‘Miracle at St. Anna,' ‘Frozen River' two of 2008's best

by Bruce Dancis

McClatchy-Tribune News Service (MCT)

10 February 2009


Two of the most powerful films of 2008, movies that stay with you long after their final credits roll by, are out this week on DVD. Yet “Miracle at St. Anna” and “Frozen River” are different in many ways, from their disparate scopes to the dissimilar experience and fame of their directors.

Over the years, director Spike Lee has become this country’s finest film chronicler of the African American experience - whether looking at history (“Malcolm X,” “4 Little Girls”) or contemporary life (“Do the Right Thing,” “He Got Game,” “When the Levees Broke”) but he had never made a war film until last year.

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Miracle at St. Anna

Director: Spike Lee
Cast: Laz Alonso, Derek Luke, Michael Ealy, Omar Benson Miller, Matteo Sciabordi, Valentina Cervi, Pierfrancesco Favino, John Turturro, John Leguizamo

(Touchstone Films)

Review [26.Sep.2008]
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Frozen River

Director: Courtney Hunt
Cast: Melissa Leo, Misty Upham, Charlie McDermott, Mark Boone Junior, James Reilly

(Sony Pictures Classics)
US DVD: 10 Feb 2009

Review [9.Feb.2009]
Review [1.Aug.2008]

In “Miracle at St. Anna” (Touchstone Home Entertainment, $29.99 DVD/$34.99 Blu-ray, rated R), based on James McBride’s novel about the all-black 92nd “Buffalo Soldier” Division of the U.S. Army during World War II, Lee focuses on four soldiers who become separated from their unit behind enemy lines in war-torn Italy in 1944. They witness a horrifying massacre of Italian villagers by German troops, save the life of a little Italian boy and take refuge in a small village, where they battle alongside partisans against the Germans.

“Miracle at St. Anna” includes some of the most graphically realistic battle sequences I’ve ever seen, comparable to the intensity of Steven Spielberg’s “Saving Private Ryan.” Lee forces audiences to confront the racism of the times, showing black soldiers based in Alabama being denied service at a white-owned restaurant, while German POWs and the U.S. Army MPs guarding them are treated with politeness and respect in the same establishment, and looking at the prejudice of some of the white officers in command of black troops. Lee also slows down the pace for touching, revealing and intimate scenes among the individual soldiers, who are hardly united in their perspectives and personalities, and between the soldiers and the Italian villagers.

Yet it is this very unevenness of pacing that ultimately makes “Miracle at St. Anna” fall short of what it could have been. In his large-scale, epic filmmaking style, Lee takes too many detours in the plot to sustain complete interest, even though the central story remains compelling and the ensemble cast, including Derek Luke, Michael Ealy, Laz Alonso and Omar Benson Miller as the four principal soldiers, is excellent throughout.

Although the regular DVD for “Miracle at St. Anna” includes no bonus features, the Blu-ray edition comes with deleted scenes and two documentaries that explore the history of the Buffalo Soldiers during the war.

In “Frozen River” (Sony Pictures Home Entertainment, $28.96 DVD/$39.95 Blu-ray, rated R), the feature film debut by writer/director Courtney Hunt, the struggle is also for survival. But the enemies of Ray Eddy (played by Melissa Leo, best-known for TV’s “Homicide: Life on the Street”) are both poverty, as she attempts to provide food and a home for her sons (aged 15 and 5) after her gambling-addicted husband runs off with all of their money, and her own impetuous behavior.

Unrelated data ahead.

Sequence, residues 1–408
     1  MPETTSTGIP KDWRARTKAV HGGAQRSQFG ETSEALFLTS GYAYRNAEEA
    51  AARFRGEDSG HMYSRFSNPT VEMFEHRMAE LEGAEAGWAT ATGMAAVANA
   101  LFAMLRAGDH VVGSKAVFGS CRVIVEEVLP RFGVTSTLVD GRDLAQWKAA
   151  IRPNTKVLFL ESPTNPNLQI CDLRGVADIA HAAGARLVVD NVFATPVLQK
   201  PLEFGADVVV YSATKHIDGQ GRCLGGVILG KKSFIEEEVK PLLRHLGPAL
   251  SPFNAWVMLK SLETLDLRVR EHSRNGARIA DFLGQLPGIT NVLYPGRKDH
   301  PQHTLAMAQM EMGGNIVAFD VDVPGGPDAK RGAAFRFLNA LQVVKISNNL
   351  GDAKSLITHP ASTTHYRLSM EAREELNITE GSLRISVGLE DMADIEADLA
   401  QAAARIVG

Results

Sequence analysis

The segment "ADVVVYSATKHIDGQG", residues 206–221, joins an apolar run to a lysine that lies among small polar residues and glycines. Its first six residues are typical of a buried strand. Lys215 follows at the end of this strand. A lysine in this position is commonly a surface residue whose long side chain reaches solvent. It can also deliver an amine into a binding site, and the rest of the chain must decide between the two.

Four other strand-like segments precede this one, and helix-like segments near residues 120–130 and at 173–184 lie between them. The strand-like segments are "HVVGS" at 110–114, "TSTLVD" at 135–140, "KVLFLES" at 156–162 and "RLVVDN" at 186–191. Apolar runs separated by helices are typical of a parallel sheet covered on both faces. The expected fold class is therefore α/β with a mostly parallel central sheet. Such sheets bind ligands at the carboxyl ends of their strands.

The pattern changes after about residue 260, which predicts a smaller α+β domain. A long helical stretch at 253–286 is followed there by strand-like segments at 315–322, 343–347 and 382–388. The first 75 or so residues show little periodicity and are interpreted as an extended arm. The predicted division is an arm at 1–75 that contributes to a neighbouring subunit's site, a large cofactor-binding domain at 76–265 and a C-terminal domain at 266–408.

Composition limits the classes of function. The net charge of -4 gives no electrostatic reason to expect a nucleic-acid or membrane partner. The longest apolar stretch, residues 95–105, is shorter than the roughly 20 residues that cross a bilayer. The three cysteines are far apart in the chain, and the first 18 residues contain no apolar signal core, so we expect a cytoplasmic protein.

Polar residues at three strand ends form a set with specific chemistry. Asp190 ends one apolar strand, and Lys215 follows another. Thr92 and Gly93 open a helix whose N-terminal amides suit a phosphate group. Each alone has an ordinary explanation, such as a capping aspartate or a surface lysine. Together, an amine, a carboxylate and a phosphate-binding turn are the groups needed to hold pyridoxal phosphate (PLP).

“Frozen River” is set around Christmastime in the cold and snow-packed upstate New York town of Massena, just across the St. Lawrence River from Canada and nearby territory controlled on both sides of the river by the Mohawk nation. Desperate to keep creditors at bay, Ray hooks up with a young Mohawk woman named Lila (Misty Upham), who has her own personal problems and tragedies, to smuggle immigrants into the United States through Mohawk territory.

At every turn, writer/director Hunt packages her empathy for Ray and Lila and their plight with an unflinching look at what they are doing. There is no nobility in their smuggling of human beings, as some of those they drive across the unguarded border in Ray’s trunk appear to be virtually enslaved. But Ray cannot see, or feel, anything besides the money she needs to obtain.

Although Hunt provides Leo with some memorable supporting players, particularly Upham and Charlie McDermott, as Ray’s teenage son T.J, the camera is steadily focused on Leo. From the movie’s intense opening close-up on her pained and weary face through the film’s continual, almost-claustrophobic examination of her moods and feelings, Leo carries “Frozen River” with understated power. She’s a deserving recipient of a best-actress Academy Award nomination for her performance.

Hunt has also received multiple honors for her work, including a Grand Jury Prize at the 2008 Sundance Film Festival for the movie and an Oscar nomination for her original screenplay. On both the DVD and Blu-ray editions, Hunt and producer Heather Rae provide an audio commentary in which they discuss the casting, the budget (under $1 million for a 24-day shoot) and the filmmaking process.

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